Making the Most of Your Router Bits: Multi Profile Bit

Making the Most of Your Router Bits: Multi Profile Bit

As anyone who has ever even heard of a router knows, there is a dizzying selection of router bits available on the market today, and it doesn’t take very long to acquire a collection of bits that far exceeds the cost of the router itself.

Many of these bits are made to help you perform difficult router tasks more easily, but often people are nervous about spending significant money on a bit they don’t understand or are not sure will do the job. This series will cover some of those bits, the proper ways to set up and use them and tips for getting the best results.

The Multi Profile Bit is the first in this series. This is one of the bits that I always keep on hand. It does not get used all that often, but comes in very handy for making quick moldings or matching existing profiles that your other bits may not be able to cut.


Looking closely at the edge profile, it seems confusing at first, but if you view it as several individual profiles, it sorts out quickly. From bearing to shank this bit offers a 25/64th radius cove, a 5/16th inch bead, a 5/16th inch cove, and a 15/64th inch bullnose. There are different sizes and manufacturers of this style bit and the various radii may be different, but the use is the same.

This is a pretty large bit. It is for router table use only. I also recommend using it with a 3HP router. There is a smaller version of the bit if you don’t have a large router. Because of the large diameter of the bit, run it at a slower speed, around 12,000 rpm. If this is the first big diameter bit you use, you will find that it cuts amazingly easily. It seems wrong, but bigger diameter bits cut more smoothly than smaller diameters. This is due to the physics of the cutting action. The larger arc described by the tip removes the material at a more shallow angle than a smaller arc. This gives the same result as skewing a plane or chisel.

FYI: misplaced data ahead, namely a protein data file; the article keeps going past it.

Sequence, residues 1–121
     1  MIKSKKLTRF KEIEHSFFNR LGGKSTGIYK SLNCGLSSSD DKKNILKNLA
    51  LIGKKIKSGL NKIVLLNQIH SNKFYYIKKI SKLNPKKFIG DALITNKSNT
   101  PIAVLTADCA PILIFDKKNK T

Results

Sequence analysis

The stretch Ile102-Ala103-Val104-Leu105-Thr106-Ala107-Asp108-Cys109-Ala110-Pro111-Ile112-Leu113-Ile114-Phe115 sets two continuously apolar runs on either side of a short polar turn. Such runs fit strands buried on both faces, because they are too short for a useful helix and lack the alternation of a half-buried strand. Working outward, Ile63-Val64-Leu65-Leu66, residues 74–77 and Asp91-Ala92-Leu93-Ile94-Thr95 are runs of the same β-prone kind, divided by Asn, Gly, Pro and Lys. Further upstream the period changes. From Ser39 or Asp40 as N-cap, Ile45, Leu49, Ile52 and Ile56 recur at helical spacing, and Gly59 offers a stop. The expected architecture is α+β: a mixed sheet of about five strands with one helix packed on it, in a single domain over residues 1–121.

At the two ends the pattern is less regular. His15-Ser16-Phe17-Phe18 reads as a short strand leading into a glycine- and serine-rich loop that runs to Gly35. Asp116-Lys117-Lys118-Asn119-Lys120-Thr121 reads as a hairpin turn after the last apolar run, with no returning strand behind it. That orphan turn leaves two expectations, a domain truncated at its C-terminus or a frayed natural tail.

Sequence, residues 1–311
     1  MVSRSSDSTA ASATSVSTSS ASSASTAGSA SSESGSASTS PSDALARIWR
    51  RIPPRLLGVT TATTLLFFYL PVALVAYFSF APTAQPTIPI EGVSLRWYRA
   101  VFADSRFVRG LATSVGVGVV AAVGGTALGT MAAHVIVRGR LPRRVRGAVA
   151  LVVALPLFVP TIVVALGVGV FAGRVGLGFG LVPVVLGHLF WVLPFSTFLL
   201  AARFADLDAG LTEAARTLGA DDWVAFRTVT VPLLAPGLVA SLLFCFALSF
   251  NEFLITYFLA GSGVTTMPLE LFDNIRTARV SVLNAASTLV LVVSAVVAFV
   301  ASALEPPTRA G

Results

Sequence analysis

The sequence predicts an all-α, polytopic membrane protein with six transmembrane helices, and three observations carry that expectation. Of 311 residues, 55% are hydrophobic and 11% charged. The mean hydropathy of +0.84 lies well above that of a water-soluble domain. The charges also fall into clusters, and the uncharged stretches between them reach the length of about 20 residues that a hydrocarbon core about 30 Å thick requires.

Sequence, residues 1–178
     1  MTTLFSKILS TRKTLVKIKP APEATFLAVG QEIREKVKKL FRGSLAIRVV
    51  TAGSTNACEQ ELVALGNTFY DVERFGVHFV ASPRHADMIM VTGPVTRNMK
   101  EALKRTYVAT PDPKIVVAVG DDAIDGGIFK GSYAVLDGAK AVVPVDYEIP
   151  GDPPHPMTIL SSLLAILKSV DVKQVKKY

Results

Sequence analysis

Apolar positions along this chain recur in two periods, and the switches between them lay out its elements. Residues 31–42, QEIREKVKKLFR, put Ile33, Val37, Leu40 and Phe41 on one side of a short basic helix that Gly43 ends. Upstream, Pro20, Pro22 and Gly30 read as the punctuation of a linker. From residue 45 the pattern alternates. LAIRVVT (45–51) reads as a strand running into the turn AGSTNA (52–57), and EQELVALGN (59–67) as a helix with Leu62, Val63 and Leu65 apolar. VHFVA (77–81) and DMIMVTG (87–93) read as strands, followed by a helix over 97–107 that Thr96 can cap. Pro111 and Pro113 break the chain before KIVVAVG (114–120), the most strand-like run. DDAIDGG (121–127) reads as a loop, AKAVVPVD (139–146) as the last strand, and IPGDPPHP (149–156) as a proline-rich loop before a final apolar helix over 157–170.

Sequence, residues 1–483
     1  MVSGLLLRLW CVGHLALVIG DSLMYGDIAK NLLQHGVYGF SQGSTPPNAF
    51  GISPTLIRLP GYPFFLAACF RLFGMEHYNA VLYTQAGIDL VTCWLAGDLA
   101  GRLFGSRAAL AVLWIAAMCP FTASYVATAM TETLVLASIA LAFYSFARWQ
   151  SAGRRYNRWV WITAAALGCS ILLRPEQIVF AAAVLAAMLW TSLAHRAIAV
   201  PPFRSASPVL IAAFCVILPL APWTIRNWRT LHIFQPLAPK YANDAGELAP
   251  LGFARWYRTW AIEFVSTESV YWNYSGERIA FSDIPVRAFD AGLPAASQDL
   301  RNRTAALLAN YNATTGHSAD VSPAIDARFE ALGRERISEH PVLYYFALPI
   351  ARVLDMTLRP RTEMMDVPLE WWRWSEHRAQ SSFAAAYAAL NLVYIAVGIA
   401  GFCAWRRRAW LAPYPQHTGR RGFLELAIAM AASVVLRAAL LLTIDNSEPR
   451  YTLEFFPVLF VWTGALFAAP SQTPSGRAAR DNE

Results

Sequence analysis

A few cautions before starting: When cutting any profile, I prefer to work with wider stock, cut the profile, then rip the desired molding off the wider stock. This is true working with any molding bit. Also, working with the lower sections of the bit will leave a fair amount of the bit above the table and exposed. For safety, this should be covered. I cut a section off a PVC saddle connector and clamp that to the fence. This keeps hands out of the bit should a slip occur.

To get the most from this bit you need to use three basic adjustments; the height of the bit in the table, the position of the fence, and the thickness of the material. By adjusting one or more of these settings, you can totally change the profile cut.


As an example, I began by setting the bit low in the table, set the fence and cut a 25/64th inch roundover.


Moving the fence back a bit created a stepped bead.


Raising the bit exposes more cutter and cuts a double stepped bead.


By setting the fence flush with the bearing, and using thicker stock you can create a stepped ogee profile.


All sections of the bit can be treated in this manner. There are literally hundreds of profile cuts and combinations that can be created. The edge of a thin piece of stock can be eased using the center of the bullnose section.


Use thicker material and reset the height to mill a 15/32nd inch bullnose.


Raising the bit and adjusting the fence exposes a 5/16th inch cove.


Backing the fence off allows the bit to cut deeper into the board, and further into thickness. This creates a stepped ogee that is a reverse of the one at the top of the bit.


Using a thicker piece of stock and raising the bit creates a bullnose with a stepped cove.


With a little practice, you can create a really wide variety of small and medium moldings for your projects. But you also can create much larger moldings with it too, by stacking the smaller moldings together. Working with 3/4 inch stock, I created the top ogee molding described above, and the reverse ogee from the bottom of the bit. I combined them with the stepped bullnose to make a 2 1/8 inch tall complex molding suitable for topping a clock or cabinet.


This one bit will help you create dozens of useful profiles for your shop projects and widely expand your router’s capabilities.

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